At Close Quarters: PT Boats in the United States Navy

By Robert J. Bulkley Jr. | Go to book overview

THE WHITE HOUSE WASHINGTON


FOREWORD

In the dark days of the American Revolution when the strongest efforts on land seemed always frustrated by British seapowers, General Washington said,

"In any operation, and under all circumstances, a decisive Naval superiority is to be considered as a fundamental principle, and the basis upon which every hope of success must ultimately depend."

The next year the French fleet defeated the British off the Virginia Capes making possible the victory at Yorktown. Since that day the destiny of our country has been inextricably interwoven with the sea. This was never more true than in the giant World War II that involved all seas and most of mankind. To fight the sea war we needed many types of ships, large and small, from aircraft carriers and battleships to PT boats.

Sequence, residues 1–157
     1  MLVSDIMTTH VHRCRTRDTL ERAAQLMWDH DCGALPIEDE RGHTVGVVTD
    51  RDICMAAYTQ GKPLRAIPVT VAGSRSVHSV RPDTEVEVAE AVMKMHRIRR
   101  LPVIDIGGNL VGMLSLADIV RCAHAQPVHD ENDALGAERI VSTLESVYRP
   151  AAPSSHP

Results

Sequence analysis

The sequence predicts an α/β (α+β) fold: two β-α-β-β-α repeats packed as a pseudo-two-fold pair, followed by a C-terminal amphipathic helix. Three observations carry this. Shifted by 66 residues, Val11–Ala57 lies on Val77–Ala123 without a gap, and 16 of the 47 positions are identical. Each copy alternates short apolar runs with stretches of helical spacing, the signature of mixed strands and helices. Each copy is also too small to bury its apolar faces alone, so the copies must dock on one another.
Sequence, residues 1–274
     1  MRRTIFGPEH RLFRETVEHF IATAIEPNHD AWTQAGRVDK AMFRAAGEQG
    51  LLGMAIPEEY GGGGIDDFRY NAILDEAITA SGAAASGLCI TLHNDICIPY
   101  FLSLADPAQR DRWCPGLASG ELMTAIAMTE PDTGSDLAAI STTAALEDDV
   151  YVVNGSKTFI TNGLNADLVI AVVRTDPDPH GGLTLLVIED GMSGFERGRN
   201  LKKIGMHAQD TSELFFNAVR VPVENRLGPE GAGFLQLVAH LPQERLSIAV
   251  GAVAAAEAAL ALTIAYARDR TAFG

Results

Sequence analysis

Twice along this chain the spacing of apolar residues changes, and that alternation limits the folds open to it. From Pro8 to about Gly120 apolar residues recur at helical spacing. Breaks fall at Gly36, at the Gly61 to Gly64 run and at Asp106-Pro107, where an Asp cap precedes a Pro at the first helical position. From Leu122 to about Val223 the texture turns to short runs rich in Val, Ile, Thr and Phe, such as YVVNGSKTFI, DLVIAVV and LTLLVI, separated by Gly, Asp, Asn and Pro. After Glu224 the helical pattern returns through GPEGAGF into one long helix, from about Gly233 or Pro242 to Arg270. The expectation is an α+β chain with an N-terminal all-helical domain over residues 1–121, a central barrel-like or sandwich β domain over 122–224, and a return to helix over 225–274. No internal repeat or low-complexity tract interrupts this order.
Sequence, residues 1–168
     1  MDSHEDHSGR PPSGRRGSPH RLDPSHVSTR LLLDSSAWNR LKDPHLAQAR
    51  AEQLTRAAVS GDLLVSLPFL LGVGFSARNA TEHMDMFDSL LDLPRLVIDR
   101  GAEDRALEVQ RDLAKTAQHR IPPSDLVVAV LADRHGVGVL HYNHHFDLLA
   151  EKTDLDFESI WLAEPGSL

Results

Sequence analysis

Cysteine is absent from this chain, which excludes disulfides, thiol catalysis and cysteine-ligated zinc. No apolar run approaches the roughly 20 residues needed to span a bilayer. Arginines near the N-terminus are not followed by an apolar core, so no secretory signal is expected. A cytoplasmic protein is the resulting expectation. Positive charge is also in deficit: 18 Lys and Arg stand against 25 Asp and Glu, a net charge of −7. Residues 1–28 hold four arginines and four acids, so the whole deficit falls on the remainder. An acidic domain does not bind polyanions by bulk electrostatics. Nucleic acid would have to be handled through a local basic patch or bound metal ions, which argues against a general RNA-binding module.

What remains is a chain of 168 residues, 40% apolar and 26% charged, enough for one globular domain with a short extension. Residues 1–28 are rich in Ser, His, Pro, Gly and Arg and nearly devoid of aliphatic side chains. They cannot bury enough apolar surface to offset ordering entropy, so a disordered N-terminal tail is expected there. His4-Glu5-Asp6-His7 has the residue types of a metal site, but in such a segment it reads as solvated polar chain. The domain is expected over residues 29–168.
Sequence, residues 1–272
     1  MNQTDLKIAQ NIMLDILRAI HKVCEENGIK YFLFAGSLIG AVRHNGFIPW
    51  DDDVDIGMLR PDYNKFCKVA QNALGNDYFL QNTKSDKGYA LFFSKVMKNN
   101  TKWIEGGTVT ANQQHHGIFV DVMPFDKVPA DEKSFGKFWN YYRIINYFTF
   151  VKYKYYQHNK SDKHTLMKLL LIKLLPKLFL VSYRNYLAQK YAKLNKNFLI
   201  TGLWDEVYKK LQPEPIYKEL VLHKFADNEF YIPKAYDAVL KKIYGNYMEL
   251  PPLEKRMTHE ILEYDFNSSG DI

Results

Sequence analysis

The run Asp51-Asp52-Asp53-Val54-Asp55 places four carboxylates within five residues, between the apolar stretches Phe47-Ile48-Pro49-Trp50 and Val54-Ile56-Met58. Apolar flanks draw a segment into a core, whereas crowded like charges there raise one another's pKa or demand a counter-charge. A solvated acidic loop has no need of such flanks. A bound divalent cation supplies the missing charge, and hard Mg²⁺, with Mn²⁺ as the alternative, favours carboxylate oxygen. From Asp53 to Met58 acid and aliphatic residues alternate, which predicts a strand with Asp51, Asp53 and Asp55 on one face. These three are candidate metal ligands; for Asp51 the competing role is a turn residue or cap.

Small though they were, the PT boats played a key role. Like most naval ships, they could carry out numerous tasks with dispatch and versatility. In narrow waters or in-fighting close to land they could deliver a powerful punch with torpedo or gun. On occasion they could lay mines or drop depth charges. They could speed through reefs and shark infested waters to rescue downed pilots or

-vi-

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